Consequently, copyright law functions more as a tool to defend creators and not as a system promoting innovation and creativity. Indirect infringement in the US comes under vicarious liability (Shapiro, Bernstein v. HL Green 326 F.2d 304 (2nd Cir. 1963)) and/or contributory liability (Sony Corp. v. Universal City Studios, 464 U.S. 417 (1984)). Where as, in Canada indirect infringement is known as secondary infringement. At the same time with regard to "fair use" doctrine this doctrine can be used in the US in a very broad sense than in Canada. This means that the provisions of fair use are more liberally interpreted in the US than they are in Canada. This is the background of the discussion for this paper.
The most important factor of copyright law is linked to the public interest. Copyright law actually protects and for ever tries to equalize the requirement for motivators for creativeness and the requirement to allow society to approach works created (B Kaplan, 1967; P Goldstein, 1970; R C Denicola, 1979; M J Radin, 1982; D Baird, 1983 and I E Novos and M Waldman, 1984). Widening the security rendered by copyright furnishes better incentives for generators, but constricts the public area, that is, the general cultural resources to which the public has contact. Bringing in the right balance linking adequate incentives for originality and limiting the public domain has at all times been, and yet is, one of the major tests of copyright law.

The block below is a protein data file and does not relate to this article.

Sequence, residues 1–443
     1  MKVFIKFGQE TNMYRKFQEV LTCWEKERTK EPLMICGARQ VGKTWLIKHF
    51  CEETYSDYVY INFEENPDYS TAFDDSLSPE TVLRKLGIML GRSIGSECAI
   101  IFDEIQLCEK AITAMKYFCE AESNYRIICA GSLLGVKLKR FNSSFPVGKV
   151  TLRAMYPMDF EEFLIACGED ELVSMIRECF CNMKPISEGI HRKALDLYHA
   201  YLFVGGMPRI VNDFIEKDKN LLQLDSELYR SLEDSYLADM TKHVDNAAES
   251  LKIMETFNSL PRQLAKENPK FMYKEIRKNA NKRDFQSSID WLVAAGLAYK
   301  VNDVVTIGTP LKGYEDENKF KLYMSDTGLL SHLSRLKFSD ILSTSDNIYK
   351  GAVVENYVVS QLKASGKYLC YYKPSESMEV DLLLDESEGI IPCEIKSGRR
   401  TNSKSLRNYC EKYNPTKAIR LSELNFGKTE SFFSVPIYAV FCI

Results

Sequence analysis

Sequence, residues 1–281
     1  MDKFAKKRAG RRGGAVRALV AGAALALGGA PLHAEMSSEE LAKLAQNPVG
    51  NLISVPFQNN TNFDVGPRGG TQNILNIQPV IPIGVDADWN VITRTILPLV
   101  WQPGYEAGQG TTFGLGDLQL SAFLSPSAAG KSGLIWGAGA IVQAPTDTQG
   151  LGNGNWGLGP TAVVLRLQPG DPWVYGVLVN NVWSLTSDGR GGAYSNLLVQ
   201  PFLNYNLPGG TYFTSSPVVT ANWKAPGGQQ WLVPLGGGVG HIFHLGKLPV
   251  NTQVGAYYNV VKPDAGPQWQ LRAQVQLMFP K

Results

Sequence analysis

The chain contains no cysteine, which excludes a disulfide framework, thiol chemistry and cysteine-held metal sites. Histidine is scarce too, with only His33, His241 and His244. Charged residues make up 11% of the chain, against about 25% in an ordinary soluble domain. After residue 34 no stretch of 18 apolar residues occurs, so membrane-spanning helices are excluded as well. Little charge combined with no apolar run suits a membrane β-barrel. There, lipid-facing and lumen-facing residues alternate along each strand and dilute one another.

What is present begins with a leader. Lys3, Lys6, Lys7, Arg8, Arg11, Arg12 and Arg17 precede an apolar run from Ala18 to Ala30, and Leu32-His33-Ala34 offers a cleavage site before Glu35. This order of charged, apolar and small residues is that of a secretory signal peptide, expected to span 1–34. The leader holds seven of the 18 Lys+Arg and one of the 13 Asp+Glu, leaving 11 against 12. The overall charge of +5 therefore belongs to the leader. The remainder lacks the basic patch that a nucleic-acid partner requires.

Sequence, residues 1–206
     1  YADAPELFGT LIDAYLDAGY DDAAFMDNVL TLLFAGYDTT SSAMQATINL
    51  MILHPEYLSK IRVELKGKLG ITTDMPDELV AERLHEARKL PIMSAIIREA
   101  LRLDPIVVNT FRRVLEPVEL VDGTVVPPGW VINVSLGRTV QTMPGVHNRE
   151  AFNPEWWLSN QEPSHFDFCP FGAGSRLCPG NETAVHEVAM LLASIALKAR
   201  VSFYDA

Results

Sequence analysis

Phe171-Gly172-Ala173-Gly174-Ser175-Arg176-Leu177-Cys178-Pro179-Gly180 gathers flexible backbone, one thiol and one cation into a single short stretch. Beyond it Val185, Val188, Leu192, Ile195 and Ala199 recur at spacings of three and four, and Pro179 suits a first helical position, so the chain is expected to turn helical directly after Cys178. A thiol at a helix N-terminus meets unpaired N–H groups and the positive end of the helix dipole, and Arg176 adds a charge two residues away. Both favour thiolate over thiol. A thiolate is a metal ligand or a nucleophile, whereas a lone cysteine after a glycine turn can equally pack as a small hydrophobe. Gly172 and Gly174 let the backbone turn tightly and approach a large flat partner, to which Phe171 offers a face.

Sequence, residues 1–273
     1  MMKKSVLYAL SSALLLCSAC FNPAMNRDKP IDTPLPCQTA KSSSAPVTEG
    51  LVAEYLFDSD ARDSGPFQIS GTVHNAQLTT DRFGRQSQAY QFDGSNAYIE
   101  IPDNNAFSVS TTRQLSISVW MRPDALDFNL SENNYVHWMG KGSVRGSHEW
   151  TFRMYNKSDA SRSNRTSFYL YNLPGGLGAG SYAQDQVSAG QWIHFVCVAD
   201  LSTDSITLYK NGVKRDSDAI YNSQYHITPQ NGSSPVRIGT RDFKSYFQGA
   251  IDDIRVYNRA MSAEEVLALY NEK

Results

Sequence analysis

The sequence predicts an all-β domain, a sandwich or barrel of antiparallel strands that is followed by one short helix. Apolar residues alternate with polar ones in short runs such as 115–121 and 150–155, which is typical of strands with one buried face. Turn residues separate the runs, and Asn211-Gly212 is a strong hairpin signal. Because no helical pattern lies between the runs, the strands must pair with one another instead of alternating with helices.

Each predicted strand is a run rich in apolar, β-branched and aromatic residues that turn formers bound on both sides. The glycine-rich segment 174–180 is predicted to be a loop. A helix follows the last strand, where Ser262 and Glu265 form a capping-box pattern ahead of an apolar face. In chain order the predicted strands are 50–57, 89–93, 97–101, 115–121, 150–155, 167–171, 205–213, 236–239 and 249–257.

The Canadian and US laws look very different on their face as one anticipates different consequences in both the countries with regard to infringement of copyright laws. This is true only to a certain extent. Therefore, when a report is published by the Canadian government or a group which is the agent of the crown can claim copyright of the report in Canada (Dableh v. Ontario Hydro, 1993)i. Whereas the same report, if published by any arm of the US federal government, cannot claim